Spending a full day with Capt. Jack Sparrow might be a little much, but Steven Amos is willing to do it for a good cause. Amos will endure an endless loop of Magic Kingdom’s Pirates of the Caribbean ride Saturday.
The experience is a fundraiser for Give Kids the World, the Kissimmee-based nonprofit resort that gives weeklong vacations to children with life-threatening illnesses. Amos is the organization’s vice president of advancement. The more money he attracts, the more outlandish his day may become.
“For every $100 that I raise, I’ll do a pass on Pirates of the Caribbean,” he said. “As certain fundraising thresholds are unlocked, I also put my body through some challenges — either only eating turkey legs for the entire day or drinking 20 ounces of the Beverly drink from Epcot. I tried to keep the spirit fun, but all while trying to raise funds for Give Kids the World.”
Although he was a Walt Disney World employee for 10 years, he doesn’t have an inside source or a shortcut at Pirates of Caribbean. After each ride, he’ll cycle back through Pirates’ winding queue, going in and out of pitch-blackness of the ride and the blinding Florida sun.
“I’m hoping to navigate the queue as fast as I can,” he said. “But as part of the challenge, you know, standing in queues is also not the most pleasurable experience. So I’m going to do all 13 hours of the operation of it as a day guest.”
Amos, who lives in Winter Garden, won’t be using Disney World’s Genie+ system or the Lightning Lanes, he said.
“There’s not really an advantage to doing Genie+ because I’m repeating the same attraction over and over again,” he said. “So, I mean, if someone wants to provide me a favor, sure, but I never go out and ask for any special treatment when I go to the parks.”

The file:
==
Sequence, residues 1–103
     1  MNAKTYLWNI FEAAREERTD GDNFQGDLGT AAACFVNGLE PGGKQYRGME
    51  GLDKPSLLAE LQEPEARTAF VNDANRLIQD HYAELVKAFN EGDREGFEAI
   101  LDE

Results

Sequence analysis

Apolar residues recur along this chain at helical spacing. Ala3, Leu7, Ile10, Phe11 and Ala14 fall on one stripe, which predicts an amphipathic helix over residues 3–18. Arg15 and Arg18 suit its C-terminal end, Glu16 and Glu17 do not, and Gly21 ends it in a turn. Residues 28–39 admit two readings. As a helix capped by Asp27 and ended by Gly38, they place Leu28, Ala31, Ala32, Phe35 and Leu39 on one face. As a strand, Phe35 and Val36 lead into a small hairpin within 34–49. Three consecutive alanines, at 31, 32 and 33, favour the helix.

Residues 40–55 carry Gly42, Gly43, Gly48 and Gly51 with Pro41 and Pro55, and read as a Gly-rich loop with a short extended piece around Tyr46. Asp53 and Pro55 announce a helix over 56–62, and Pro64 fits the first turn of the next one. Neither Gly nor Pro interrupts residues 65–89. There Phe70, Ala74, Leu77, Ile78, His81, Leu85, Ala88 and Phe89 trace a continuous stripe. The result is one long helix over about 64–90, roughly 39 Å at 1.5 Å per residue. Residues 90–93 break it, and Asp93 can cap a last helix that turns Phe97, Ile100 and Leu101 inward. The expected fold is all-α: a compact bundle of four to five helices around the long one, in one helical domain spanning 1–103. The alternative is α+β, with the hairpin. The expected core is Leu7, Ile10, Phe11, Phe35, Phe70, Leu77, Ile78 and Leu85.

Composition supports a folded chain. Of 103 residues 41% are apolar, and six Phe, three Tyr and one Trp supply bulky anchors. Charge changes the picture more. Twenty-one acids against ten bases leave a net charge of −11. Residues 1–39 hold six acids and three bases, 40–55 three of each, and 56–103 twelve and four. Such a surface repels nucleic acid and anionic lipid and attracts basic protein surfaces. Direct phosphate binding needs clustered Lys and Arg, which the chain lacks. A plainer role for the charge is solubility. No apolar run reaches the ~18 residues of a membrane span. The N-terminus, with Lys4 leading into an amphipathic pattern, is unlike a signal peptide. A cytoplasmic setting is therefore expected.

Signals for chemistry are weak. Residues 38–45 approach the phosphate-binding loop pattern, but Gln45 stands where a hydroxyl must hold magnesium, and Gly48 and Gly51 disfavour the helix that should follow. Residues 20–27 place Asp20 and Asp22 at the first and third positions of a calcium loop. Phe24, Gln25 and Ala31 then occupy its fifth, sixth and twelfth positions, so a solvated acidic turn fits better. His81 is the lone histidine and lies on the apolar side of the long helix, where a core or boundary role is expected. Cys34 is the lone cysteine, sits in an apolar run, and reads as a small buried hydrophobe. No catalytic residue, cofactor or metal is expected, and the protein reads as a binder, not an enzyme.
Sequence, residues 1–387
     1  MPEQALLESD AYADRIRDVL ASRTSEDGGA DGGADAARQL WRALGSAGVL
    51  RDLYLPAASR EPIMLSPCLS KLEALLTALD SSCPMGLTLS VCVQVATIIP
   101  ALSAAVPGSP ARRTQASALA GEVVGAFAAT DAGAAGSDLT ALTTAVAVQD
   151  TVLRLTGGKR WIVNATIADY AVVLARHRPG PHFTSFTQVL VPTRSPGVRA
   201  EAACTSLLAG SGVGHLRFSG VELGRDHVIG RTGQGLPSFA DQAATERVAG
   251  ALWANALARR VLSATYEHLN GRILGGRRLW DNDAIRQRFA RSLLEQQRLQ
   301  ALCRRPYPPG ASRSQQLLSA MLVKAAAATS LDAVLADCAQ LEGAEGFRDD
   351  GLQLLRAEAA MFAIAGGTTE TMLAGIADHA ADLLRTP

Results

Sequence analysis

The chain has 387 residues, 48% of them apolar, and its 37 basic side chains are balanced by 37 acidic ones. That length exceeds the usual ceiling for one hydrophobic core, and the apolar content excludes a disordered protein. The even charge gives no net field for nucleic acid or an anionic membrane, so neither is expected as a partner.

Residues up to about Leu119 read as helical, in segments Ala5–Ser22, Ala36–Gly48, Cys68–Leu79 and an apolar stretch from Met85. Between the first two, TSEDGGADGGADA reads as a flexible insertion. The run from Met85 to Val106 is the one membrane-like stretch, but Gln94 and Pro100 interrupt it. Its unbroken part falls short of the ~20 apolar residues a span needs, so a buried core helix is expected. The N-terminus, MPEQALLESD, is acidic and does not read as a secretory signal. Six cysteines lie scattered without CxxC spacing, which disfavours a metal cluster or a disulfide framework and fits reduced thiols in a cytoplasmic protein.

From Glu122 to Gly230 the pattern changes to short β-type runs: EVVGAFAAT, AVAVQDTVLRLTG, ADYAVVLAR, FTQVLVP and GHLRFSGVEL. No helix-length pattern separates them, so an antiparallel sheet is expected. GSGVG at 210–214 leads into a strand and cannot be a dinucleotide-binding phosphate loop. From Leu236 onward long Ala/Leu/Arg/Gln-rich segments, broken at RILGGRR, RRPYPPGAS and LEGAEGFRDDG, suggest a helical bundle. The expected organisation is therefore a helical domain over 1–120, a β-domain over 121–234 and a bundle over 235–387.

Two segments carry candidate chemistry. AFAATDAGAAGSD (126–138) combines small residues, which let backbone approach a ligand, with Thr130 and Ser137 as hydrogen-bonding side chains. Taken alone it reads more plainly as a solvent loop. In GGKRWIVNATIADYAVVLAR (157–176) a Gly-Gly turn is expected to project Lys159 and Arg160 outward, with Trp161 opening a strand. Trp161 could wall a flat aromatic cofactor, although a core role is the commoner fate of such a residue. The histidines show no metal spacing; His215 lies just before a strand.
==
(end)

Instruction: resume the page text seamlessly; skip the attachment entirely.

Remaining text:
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Pirates of the Caribbean, which opened at Magic Kingdom in 1974, is a boat ride that takes passengers through eerie settings, down a darkened hill, past warring battleships and through scenes of swashbuckling high jinks. There are multiple sightings of an animatronic Johnny Depp, who starred as Sparrow in several “Pirates of the Caribbean” films for Disney.
Saturday — which is Amos’ birthday — will be his third theme-park endurance test to benefit Give Kids the World. His first such outing was a daylong “it’s a small world” marathon, which literally left him feeling seasick the next day, he said. The next year he did a full day aboard Epcot’s Journey Into Imagination With Figment ride at Epcot.
“On the first year I did it on ‘small world,’ it was in August after the pandemic reopening, so the parks were capacity-restrained and a little bit slower,” he said. “And Figment was never more than a five-minute wait to begin with. … So I ended up doing about 30,000 steps that day just from exiting the attraction and walking through the queue.”
He sought a more challenging ride this year, he said.
“I think what people were trying to say is that indoor, [with] air conditioning, can be easy. But there’s now the high risk of getting wet either from the drop or from when you’re in the scene where cannonballs are being launched and water’s being splashed,” Amos said.
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“It could add misery. It makes it so you know that I’m not sitting on my phone the entire time because I would not put my phone at risk,” he said.
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“I think I’ll probably start looking forward to getting excited for the two-second drop to add some excitement to the day.”
For the Pirates experience, he established a $10,000 level, and if that’s reached “I will go to a face-painting stand at Magic Kingdom, and one lucky donor who donated to the campaign can choose what my face paint will be for the entire 13 hours of the park.”
Last year he brought in $11,000, he said. If he tops that mark, he will dress as a pirate as much as park rules allow.
“I always say I either have a lot of friends or I have a lot of enemies because these fundraising thresholds are usually met very quickly,” Amos said.
For more information, go to Amos’ fundraiser page for Give Kids the World on Facebook.
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